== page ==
Rome (AsiaNews) - Rome is currently hosting the 13th edition of Asiatica - Encounters with Asian Cinema, a festival dedicated to films from the Middle East and the Far East. Yesterday, Gyan Prakash, a professor of history at Princeton University, presented La città color zafferano. Bombay tra metropoli e mito, the Italian edition of his latest work, Mumbai Fables, a plunge in the cosmopolitan character of Maharashtra's capital city, a metropolis before any existed where its people's linguistic, cultural and religious differences were (and still are) its strength and weakness.
AsiaNews met the scholar who spoke about today's India, a country divided between modernity and tradition, where a just struggle against corruption is in danger of feeding a form of anti-politics that could prove dangerous to democracy.
Violence by Hindu nationalists against minorities, especially Christians and Muslims, is part of this danger. For the historian, violence has nothing to do with faith but is evidence of "a very cynical, very instrumental use of religion" to grab power.
Is it appropriate to use Mumbai, its history and evolution, as a model for today's Indian society?
It is a model of modern India society. You cannot take it in the context of India's long history, but in the way which modern India developed. So the couple of examples I have in mind can illustrate Mumbai's diversity, with its many religious and linguistic communities. This creates or represents a kind of museum of Indian culture and religion, of India as a whole. And the way in which Mumbai has dealt with this issue of religious and culture difference is, to some extent, reflective at India as a whole, but in a very particular way. You know, for a long time Mumbai was a cosmopolitan city where people of different backgrounds lived together. Since 1992-1993, the cosmopolitan city has been under pressure, but the idea of a modern society with different communities living together is a challenge both for India and Mumbai.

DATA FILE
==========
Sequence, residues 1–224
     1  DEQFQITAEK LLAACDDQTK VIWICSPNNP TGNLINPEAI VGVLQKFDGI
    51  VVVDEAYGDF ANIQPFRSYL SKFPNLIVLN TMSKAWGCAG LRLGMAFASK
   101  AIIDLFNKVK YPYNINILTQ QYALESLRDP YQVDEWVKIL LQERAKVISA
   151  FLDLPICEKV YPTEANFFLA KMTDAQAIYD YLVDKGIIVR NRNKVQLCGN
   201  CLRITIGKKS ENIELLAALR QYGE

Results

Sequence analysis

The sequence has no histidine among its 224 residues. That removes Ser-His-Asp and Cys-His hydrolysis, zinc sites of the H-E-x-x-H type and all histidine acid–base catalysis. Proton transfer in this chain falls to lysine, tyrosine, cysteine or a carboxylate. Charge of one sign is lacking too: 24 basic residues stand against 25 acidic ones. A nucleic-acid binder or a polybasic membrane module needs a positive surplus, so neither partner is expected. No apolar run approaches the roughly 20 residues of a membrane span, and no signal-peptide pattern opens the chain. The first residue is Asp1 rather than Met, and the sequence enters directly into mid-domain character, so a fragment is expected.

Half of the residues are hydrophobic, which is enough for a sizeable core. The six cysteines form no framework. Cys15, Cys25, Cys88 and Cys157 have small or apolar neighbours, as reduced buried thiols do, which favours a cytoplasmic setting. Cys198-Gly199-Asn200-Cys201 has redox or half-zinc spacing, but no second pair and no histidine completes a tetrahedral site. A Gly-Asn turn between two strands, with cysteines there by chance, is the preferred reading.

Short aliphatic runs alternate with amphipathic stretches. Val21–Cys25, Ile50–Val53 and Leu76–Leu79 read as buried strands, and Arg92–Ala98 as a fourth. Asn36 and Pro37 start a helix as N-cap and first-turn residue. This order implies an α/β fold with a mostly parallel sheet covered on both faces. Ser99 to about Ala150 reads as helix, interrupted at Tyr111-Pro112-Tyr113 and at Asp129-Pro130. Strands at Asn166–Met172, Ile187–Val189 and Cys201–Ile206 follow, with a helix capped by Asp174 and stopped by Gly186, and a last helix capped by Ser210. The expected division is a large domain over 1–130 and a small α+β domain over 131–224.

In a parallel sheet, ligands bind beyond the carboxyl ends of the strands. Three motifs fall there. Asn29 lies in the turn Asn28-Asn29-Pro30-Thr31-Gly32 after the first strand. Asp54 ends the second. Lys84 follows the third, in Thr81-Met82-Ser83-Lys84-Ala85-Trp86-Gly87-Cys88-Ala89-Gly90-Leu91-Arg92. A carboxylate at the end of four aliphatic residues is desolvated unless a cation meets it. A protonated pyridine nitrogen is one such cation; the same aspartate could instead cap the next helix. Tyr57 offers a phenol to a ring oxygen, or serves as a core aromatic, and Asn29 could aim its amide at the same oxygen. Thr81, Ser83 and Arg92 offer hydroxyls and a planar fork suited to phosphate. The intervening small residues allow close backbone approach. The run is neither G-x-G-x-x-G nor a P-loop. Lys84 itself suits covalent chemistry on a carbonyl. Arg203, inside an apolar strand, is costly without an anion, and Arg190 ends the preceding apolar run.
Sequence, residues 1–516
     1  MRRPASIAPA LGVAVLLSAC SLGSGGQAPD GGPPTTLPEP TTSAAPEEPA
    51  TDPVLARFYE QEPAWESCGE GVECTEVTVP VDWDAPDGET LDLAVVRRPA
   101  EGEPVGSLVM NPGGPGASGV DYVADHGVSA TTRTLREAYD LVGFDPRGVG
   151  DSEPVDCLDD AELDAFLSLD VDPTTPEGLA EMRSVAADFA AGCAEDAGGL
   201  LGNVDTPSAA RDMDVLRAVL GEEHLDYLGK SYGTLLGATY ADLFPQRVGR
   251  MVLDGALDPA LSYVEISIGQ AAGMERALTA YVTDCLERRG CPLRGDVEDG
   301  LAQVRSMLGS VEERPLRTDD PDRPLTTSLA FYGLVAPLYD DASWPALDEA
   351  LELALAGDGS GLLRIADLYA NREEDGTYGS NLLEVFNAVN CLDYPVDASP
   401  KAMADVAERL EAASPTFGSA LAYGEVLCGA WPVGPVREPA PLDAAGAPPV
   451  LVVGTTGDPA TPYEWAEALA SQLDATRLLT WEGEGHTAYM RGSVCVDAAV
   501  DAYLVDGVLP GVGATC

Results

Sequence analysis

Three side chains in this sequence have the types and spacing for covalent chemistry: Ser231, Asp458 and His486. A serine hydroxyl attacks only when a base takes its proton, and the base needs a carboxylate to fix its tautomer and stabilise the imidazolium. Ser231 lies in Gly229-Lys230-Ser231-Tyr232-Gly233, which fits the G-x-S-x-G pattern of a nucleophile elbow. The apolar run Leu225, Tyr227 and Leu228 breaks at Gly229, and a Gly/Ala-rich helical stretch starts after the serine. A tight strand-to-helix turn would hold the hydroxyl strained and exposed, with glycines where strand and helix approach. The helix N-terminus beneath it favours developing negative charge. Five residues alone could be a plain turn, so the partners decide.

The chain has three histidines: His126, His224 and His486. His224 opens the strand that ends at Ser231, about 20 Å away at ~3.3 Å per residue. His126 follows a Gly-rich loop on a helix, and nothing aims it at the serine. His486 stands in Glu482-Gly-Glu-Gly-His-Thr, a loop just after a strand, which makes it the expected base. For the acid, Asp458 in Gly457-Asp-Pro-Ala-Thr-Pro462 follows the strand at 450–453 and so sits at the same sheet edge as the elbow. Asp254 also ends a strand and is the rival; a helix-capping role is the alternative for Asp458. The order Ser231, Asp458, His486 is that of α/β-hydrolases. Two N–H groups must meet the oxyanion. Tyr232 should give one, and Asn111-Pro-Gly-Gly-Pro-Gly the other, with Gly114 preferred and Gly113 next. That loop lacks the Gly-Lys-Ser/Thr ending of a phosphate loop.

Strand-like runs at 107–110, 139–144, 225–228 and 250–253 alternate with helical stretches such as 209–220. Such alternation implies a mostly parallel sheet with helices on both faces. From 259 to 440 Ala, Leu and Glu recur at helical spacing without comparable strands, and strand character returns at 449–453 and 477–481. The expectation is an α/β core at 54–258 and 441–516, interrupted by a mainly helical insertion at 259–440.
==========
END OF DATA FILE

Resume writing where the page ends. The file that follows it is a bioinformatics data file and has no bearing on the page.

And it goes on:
India seems divided between a push towards modernity and respect for ancient values. However, attempts at openness have been resisted. Do you believe it can take a "global" character, free from clichés, but one that is balance with its own culture?
It is true that India is a kind of modern development, a challenge as to what to do with inheritance, tradition, religion and so on. In the 19th and 20th century people managed to create a way in which their modern sensibilities were either informed by certain traditional values or were modernized. I think India has followed this path for centuries. The present challenge with globalization is a different, a mixture of outside and inside factors. In the sense, globalization leads to a certain homogenisation all over the world like the same cafè or supermarket. This kind of globalization is resisted by people. So, for example, the arrival of Walmart and Carrefour has led people to argue that the entry of these huge conglomerates will actually kill many local shops and vendors, which are part of everyday life in Mumbai and India. It is not just a question of buying things, but also the creation of a certain kind of relationship. It is not against globalization. In some ways, people have to work with elements of globalization. But when that becomes completely dominant, there is resistance. I mean, all of us, as long as the things are done on our term, it is ok, but when there is an attempt to impose things, we see a sort of enculturation.